You don't have a green thumb? No big deal. I have a grandaughter who has the blackest thumb you could imagine, yet she still keeps her front yard looking tidy and green.
The secret is knowing what to plant.
There are three sure-fire hits in the plant world and a number of other flowers that only need a regular drink of water to keep color in the front of your house all summer long.
The first one to consider is the hosta. There are hundreds of varieties to choose from, sporting green leaves in all shades and sizes. From almost blue to yellow green, crumpled and ribbed, large and small, variegated and plain, they all share one attribute. They are tough!
If you are looking for a specimen at the garden center, look for one that has several stems in the same container. When you knock it out of the pot to plant it, pull apart the stems and plant each one separately. A great money saver, your hosta will settle in quickly, and all it asks is an occasional watering.
Each winter the plants will die back to the ground but faithfully return in early spring. You can't lose. And if you appreciate the lily-like flowers that appear in July, there is a bonus for you.
Speaking of lilies, another winner is the daylily.
You can see sheets of orange along ditches at this time of the year, and these so-called ditch lilies are the ancestors of the many forms that are available. The most common variety is Stella d'Oro, bright yellow and with prolific flowers. Each bloom lasts only one day, but these are always more to take their places all through the summer.
If you go to a nursery specializing in daylilies, you will find them in many colors and sizes, but the cheaper yellow ones are perfectly fine and make a great display.
Then there are the ornamental grasses. Again, this is a reliable plant that will fill a space year after year and not ask much in the way of cultivation. I have seven varieties and I just love them.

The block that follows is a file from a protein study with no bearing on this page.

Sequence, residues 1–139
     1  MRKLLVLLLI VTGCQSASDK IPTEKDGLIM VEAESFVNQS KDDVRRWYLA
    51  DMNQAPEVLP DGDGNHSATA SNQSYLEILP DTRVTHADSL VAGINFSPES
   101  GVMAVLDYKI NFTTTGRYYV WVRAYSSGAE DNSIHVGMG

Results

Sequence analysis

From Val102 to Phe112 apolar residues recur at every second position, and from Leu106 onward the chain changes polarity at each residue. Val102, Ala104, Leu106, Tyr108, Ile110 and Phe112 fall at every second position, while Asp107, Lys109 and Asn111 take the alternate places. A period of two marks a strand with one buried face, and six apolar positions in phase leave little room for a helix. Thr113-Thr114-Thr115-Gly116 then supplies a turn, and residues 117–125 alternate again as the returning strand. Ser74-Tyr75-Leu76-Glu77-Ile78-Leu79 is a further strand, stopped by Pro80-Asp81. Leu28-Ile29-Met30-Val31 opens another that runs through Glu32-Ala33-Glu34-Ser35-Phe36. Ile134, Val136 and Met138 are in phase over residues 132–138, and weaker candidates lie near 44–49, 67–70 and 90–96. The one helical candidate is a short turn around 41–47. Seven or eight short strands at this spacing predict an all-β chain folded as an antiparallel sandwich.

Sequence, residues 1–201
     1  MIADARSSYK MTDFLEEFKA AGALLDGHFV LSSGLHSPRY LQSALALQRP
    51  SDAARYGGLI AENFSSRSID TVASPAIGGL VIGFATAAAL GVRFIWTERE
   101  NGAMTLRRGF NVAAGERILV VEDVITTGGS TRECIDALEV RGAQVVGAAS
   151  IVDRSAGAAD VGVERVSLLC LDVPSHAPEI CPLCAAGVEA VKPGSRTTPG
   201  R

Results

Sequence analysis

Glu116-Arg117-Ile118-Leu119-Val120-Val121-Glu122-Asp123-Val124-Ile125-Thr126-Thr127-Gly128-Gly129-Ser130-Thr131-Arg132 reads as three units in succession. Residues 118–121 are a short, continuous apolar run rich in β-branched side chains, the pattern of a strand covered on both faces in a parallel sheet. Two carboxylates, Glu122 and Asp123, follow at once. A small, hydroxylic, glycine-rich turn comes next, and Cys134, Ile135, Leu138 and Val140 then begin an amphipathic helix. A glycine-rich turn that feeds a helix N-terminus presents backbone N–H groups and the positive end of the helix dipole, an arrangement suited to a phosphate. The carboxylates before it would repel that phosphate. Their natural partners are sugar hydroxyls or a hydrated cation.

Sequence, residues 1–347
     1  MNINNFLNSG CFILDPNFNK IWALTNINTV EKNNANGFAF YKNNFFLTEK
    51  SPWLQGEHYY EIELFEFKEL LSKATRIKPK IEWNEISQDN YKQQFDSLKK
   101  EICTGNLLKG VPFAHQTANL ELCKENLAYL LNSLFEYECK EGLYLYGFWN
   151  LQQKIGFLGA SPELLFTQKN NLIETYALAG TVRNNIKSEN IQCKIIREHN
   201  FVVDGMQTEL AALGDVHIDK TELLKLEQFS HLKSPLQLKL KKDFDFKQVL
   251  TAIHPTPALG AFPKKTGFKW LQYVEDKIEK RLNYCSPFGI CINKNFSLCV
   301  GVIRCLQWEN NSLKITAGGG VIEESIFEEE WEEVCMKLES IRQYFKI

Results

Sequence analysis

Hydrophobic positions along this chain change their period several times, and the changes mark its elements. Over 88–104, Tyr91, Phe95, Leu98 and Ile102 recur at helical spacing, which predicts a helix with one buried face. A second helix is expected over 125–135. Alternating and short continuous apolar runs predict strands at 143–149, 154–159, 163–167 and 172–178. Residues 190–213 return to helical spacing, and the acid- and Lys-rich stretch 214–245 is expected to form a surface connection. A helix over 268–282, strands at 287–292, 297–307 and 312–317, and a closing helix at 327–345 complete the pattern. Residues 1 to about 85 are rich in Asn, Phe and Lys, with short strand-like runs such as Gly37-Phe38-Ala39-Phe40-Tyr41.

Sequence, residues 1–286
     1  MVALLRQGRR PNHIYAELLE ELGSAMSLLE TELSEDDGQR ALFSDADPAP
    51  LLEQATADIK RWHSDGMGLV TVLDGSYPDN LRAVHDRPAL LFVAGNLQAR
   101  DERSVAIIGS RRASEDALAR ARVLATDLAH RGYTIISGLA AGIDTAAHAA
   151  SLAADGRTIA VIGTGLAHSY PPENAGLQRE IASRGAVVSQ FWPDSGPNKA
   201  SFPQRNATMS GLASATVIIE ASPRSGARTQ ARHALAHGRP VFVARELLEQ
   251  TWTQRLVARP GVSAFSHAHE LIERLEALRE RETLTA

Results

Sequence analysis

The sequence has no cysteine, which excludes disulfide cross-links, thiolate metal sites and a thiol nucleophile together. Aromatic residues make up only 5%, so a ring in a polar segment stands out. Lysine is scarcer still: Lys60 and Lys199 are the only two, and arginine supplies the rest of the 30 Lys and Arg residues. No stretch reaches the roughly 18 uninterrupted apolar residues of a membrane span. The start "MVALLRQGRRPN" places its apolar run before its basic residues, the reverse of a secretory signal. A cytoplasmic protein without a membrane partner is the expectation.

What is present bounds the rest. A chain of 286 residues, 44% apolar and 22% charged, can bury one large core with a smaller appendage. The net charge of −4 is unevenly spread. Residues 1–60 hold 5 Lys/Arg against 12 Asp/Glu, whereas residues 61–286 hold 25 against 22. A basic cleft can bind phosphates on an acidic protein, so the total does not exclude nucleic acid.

Don't worry about the names; just look on the label for height and maybe color. They range from the 6- or 7-foot zebra grasses with pale plumes to the small, red Japanese blood grass or the blue mondo, and the plumes provide color as well. Just once a year the grasses need attention, and that can be in late fall or early spring when they need to be cut back to about 6 inches.
I like to leave mine tall and waving through ice and snow and use the electric hedge trimmer to take care of the cutting back in March, just before the new growth begins.
Moving up to the next level, there are a host of easy-care annuals that will quickly fill a space with color.
They will work for you through the summer but die back in fall, having moved from bud to flower to seed all in one season.
You can purchase annuals in individual pots or by the flat in spring and summer, and they will usually be blooming while they are on sale so you can see exactly what you are getting. If you are the adventurous type, you also can sow seeds directly into the ground.
Zinnias, nasturtiums, marigolds and sunflowers are easy to grow from seed. All seed packets have the information you need, sun or shade being important. They also will outline time from seed to bloom and any care needed beyong basic watering.
So there you have it. There is a gardener lurking inside each one of us. All you need is one attempt with an easy plant, and you may find your life taking an unexpected direction. Mine did!
Janet Del Turco is a local gardener and a graduate of the Ohio State University Master Gardener program. Contact her at firstname.lastname@example.org.